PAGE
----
Vets and department disagree on Brexit customs recruitment

The proposed method from the Department of Agriculture, Food and the Marine for enlisting additional vets to work at customs check points in the event of a hard Brexit has been criticised by the new president of Veterinary Ireland.

Conor Geraghty, who took over as the organisation’s president at its 2019 AGM and Conference on Friday, November 22, said that using temporary veterinary inspectors (TVIs) on a part time basis for this purpose would be preferable to taking on veterinary practitioners for longer periods, which would take them away from ordinary practice.

Although the threat of a hard Brexit has been pushed further our by the most recent EU-granted extension, it could raise its head again, depending on the results of the forthcoming general election in the UK next month.

Speaking to AgriLand at the Veterinary Ireland AGM on Friday, Geraghty explained: “There’s two types of people who would work in those situations. One is permanent department staff… Then there will be people from practice, who would be doing in on a part-time basis.”

However, he explained that, on this occasion, the department wanted to tender out for longer shifts then normal.

“So, if you go back to foot and mouth for example, the TVIs, who do the meat inspections in the factories, would have aided at the border during foot and mouth, and it worked very well. Basically, they would go up there and do one shift a day or two shifts a day, and help their department colleagues do that work,” Geraghty outlined.

However, he added: “This time, for some reason, the department decided to do it differently. It wanted to put it out to tender basically, and have longer shifts, which would take people out of practice, which we don’t want, because we’re having it hard enough to fill our rotas.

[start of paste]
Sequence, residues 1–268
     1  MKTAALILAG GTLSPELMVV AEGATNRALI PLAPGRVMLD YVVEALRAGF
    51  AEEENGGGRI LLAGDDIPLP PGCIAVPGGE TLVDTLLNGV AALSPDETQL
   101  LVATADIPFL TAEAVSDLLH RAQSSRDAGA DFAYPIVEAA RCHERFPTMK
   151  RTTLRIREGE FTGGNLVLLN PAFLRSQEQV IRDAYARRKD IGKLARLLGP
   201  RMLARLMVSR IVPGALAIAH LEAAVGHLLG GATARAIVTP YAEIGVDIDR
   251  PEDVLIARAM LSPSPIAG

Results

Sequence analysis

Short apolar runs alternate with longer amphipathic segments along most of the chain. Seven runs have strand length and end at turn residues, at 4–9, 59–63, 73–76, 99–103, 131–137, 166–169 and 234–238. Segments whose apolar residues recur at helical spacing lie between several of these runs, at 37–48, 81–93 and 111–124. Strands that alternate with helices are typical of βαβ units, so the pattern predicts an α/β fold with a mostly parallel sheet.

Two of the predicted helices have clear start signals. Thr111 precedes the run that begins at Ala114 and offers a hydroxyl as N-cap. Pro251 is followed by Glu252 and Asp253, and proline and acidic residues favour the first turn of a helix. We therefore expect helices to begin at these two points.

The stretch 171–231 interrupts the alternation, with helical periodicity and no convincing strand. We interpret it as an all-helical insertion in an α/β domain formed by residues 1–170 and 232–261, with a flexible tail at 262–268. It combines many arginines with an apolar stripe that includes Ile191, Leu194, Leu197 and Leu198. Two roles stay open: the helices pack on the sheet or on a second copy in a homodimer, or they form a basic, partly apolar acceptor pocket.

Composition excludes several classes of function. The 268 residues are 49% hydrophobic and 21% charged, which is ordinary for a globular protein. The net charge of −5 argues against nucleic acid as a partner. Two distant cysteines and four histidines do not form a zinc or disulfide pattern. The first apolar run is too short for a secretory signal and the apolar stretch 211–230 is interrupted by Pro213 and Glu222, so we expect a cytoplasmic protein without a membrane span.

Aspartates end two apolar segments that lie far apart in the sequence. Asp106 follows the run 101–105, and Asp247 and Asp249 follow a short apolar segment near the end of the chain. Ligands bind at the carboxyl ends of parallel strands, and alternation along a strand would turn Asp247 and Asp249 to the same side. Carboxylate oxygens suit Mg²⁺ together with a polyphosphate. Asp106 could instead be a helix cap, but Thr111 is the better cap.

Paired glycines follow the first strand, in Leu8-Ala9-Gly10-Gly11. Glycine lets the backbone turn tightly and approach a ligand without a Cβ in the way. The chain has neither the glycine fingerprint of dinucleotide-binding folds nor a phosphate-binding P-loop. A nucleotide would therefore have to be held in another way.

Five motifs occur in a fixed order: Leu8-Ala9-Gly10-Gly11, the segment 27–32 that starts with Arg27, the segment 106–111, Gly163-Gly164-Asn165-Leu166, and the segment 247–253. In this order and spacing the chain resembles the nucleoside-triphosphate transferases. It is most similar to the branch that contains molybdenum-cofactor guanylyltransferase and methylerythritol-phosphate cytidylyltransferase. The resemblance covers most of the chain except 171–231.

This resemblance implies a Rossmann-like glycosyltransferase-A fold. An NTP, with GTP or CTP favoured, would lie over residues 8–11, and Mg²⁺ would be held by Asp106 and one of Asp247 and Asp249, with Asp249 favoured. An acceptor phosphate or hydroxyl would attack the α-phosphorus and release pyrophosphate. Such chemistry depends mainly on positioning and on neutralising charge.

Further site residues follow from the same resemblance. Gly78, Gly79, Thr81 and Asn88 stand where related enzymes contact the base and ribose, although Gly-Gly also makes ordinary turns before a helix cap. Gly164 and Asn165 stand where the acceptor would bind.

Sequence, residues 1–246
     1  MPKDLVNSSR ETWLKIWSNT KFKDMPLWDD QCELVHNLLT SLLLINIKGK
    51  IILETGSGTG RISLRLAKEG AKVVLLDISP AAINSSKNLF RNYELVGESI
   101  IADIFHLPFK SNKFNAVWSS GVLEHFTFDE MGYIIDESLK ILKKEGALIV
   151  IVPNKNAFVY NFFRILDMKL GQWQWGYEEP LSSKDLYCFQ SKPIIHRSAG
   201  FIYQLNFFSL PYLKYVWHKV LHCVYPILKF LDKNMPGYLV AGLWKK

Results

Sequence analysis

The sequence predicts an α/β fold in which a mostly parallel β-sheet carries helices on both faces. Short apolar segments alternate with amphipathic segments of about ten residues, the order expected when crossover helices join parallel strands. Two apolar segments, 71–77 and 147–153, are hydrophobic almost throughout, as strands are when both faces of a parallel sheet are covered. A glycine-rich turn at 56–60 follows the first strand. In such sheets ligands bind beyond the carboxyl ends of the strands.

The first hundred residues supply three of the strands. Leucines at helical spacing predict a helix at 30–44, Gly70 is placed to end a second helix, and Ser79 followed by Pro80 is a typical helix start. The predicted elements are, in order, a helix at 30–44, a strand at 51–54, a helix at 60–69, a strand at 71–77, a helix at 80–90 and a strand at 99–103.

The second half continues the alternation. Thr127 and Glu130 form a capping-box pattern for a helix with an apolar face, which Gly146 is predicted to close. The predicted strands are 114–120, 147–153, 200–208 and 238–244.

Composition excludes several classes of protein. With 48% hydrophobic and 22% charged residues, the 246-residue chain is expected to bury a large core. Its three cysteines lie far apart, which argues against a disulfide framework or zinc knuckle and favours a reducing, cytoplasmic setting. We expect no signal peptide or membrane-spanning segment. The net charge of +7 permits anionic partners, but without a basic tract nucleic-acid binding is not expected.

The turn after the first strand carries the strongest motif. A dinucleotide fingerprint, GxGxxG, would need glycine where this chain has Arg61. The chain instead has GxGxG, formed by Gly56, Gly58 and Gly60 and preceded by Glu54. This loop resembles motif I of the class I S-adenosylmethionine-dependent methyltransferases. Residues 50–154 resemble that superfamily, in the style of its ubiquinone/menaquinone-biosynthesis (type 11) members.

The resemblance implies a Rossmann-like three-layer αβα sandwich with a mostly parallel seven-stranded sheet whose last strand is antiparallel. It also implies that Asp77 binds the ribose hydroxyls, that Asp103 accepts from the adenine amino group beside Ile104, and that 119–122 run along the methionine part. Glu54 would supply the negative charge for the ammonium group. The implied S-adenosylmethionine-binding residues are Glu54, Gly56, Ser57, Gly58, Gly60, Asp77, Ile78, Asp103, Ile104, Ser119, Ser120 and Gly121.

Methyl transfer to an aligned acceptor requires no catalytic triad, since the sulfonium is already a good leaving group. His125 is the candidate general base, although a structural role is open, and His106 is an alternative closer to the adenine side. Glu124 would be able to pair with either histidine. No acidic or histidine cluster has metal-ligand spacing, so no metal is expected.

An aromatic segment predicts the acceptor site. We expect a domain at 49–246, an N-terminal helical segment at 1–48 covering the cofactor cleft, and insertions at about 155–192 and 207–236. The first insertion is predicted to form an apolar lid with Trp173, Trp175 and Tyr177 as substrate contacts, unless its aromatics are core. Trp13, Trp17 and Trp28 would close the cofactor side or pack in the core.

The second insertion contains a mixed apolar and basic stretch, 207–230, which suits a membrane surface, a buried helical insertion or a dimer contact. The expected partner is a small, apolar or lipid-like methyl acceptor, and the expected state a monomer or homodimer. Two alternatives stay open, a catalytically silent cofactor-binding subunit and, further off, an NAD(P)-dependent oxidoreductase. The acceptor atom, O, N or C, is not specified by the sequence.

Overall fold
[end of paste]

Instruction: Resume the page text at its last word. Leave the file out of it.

It’s hard to attract people into rural veterinary practice at the moment, so we’d much prefer if they go for shorter shifts, and we’d be available to the farmers and agri-food sector in practice to service them, and then go for four hours a day, do that [customs work] and come back.

“What the department is proposing basically would exclude that…it would take them out of the system,” Geraghty argued.

He said that Veterinary Ireland has made it known to the department that “if you want this work, it’s either through full time veterinary staff [with the department], or through the TVI system”.

Geraghty highlighted the advantages of the TVI system, referring to it as “very mobile”.

“People are there, you don’t have to pay them if you don’t use them, and if I was in the department, that’s what I’d be looking at, to make sure the TVIs were available, trained, and ready to go,” he suggested.